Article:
Public Health

Amid Chaos And Casualties, U.S. Opens Clinic In Haiti

The U.S. government's first emergency medical unit to set up shop inside Port-au-Prince is finally running, a week after the massive earthquake that brought chaos to the Haitian capital.

  • The first U.S. medical base to be established in Haiti was opened on Monday by the Massachusetts 1 Disaster Medical Assistance Team. Here, team leader Patrick Kadilak prepares to lead personnel from the airport to downtown Port-au-Prince.
    Hide caption
    The first U.S. medical base to be established in Haiti was opened on Monday by the Massachusetts 1 Disaster Medical Assistance Team. Here, team leader Patrick Kadilak prepares to lead personnel from the airport to downtown Port-au-Prince.
    All photos by John W. Poole/NPR
  • Logistics specialists load pallets for the U.S. IMSuRT (International Medical Surgical Response Team) at the airport in Port-au-Prince to send downtown to the medical clinic.
    Hide caption
    Logistics specialists load pallets for the U.S. IMSuRT (International Medical Surgical Response Team) at the airport in Port-au-Prince to send downtown to the medical clinic.
  • Registered nurse Kristen Wilson helps load cases of water onto the transport vehicle.
    Hide caption
    Registered nurse Kristen Wilson helps load cases of water onto the transport vehicle.
  • The IMSuRT team gets ready to head downtown. The medical clinic is set up in a schoolyard next to a soccer field where hundreds of Haitians are camped out.
    Hide caption
    The IMSuRT team gets ready to head downtown. The medical clinic is set up in a schoolyard next to a soccer field where hundreds of Haitians are camped out.
  • The IMSuRT convoy of four trucks arrives in downtown Port-au-Prince.
    Hide caption
    The IMSuRT convoy of four trucks arrives in downtown Port-au-Prince.
  • Members of the Army's 82nd Airborne Division provide security for the clinic around the clock.
    Hide caption
    Members of the Army's 82nd Airborne Division provide security for the clinic around the clock.
  • A patient sleeps in one of the medical tents. Thousands of people are waiting outside the clinic for medical and surgical treatment.
    Hide caption
    A patient sleeps in one of the medical tents. Thousands of people are waiting outside the clinic for medical and surgical treatment.
  • A young girl receives water and care at the clinic.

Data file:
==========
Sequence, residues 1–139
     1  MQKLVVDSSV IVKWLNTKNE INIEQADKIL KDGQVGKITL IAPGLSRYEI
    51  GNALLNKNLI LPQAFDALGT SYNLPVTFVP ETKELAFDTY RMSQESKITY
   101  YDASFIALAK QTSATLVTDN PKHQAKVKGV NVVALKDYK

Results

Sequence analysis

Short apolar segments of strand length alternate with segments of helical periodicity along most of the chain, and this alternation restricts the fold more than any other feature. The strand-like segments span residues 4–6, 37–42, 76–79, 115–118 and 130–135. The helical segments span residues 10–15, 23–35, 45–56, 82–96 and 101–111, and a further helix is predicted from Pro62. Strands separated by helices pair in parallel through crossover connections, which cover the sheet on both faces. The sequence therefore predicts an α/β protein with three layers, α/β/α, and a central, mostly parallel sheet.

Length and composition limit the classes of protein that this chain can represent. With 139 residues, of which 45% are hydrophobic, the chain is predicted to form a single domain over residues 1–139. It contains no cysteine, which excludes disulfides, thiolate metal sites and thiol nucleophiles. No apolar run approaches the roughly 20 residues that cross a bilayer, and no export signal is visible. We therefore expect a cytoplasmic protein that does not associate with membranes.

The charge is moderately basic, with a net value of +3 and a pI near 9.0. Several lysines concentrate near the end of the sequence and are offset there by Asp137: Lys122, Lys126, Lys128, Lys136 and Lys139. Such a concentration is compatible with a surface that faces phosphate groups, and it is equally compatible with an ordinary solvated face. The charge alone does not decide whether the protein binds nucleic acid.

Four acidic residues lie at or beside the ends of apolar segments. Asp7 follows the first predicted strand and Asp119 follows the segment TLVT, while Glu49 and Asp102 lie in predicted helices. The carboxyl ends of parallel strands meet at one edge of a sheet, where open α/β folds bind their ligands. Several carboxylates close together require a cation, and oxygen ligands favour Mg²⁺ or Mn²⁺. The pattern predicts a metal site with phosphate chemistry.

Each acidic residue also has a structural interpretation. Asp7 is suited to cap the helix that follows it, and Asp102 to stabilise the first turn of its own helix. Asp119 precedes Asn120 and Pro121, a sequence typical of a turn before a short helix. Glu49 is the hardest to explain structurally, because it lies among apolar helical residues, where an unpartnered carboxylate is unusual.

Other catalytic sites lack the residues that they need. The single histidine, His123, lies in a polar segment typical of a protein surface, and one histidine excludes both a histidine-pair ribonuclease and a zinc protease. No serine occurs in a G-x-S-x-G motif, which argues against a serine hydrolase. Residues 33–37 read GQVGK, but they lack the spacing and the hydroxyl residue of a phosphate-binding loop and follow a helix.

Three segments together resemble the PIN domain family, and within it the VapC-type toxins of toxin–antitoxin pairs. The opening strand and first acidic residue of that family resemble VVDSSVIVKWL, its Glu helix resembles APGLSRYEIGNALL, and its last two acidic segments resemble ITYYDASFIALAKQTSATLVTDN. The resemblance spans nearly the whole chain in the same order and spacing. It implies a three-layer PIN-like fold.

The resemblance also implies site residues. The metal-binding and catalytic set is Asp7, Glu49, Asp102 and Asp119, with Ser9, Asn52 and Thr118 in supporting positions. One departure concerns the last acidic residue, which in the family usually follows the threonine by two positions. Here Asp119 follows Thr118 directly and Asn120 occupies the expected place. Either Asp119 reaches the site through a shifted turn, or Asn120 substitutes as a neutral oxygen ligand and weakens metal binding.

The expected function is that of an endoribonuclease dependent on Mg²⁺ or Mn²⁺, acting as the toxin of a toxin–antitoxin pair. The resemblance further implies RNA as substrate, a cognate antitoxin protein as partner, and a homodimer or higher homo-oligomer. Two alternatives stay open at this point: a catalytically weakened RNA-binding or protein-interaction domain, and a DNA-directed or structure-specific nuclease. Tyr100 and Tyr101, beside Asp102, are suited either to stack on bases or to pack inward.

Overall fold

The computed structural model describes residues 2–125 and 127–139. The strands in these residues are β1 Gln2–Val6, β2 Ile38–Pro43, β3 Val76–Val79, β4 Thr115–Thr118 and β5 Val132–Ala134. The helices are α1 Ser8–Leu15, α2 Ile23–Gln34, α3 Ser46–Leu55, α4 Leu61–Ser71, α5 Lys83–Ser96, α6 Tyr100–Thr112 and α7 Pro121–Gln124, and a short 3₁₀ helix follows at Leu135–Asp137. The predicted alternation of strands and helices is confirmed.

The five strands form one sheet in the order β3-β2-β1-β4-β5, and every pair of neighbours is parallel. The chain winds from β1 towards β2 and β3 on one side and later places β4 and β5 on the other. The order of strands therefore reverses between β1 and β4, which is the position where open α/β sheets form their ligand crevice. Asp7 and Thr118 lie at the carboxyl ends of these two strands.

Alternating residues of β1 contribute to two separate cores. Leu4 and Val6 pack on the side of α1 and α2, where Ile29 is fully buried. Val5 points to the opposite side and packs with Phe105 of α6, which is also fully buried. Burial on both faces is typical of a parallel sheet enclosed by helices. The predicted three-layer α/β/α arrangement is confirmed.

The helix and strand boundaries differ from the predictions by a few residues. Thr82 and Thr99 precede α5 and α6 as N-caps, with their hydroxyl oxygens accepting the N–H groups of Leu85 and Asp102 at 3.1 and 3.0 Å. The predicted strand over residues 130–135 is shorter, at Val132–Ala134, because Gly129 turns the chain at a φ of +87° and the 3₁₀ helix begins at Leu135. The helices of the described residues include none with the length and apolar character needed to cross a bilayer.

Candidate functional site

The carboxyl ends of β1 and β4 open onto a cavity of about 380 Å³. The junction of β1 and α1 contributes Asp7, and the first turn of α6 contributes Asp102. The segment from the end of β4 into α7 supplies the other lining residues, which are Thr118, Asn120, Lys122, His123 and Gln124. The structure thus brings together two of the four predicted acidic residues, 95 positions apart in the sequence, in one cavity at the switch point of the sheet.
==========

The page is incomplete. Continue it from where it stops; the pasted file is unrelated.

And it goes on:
Hide caption
    A young girl receives water and care at the clinic.
  • Dr. Thea James of the Massachusetts 1 DMAT examines X-rays of a patient with two broken legs and an injured pelvis. Many patients have broken bones that have not been repaired for over a week, complicating the work of the doctors.
    Hide caption
    Dr. Thea James of the Massachusetts 1 DMAT examines X-rays of a patient with two broken legs and an injured pelvis. Many patients have broken bones that have not been repaired for over a week, complicating the work of the doctors.

1 of 9

View slideshow i

NPR reporter Joanne Silberner and mulitmedia journalist John Poole are with the team, which established makeshift facilities in a technical school, partially destroyed by the quake. Watch the slideshow for more.

The health care workers faced a challenging journey. After arriving by air late Sunday, the team stayed at the U.S. Embassy then headed back Monday morning to the airport, where they were stuck most of the day. At 5 p.m., a driver with one part of the group refused to embark on the convoy into the city because his shift was ending.

By Tuesday, health workers in three emergency rooms and two operating rooms were seeing patients. Most of the patients have traumatic injuries, such as broken bones and burns. But the medical team also treated some dehydrated infants.

Estimates are difficult to make in the chaos. But thousands of refugees appear to be outside the compound hoping to eventually receive care.

Comments

 

Please keep your community civil. All comments must follow the NPR.org Community rules and terms of use, and will be moderated prior to posting. NPR reserves the right to use the comments we receive, in whole or in part, and to use the commenter's name and location, in any medium. See also the Terms of Use, Privacy Policy and Community FAQ.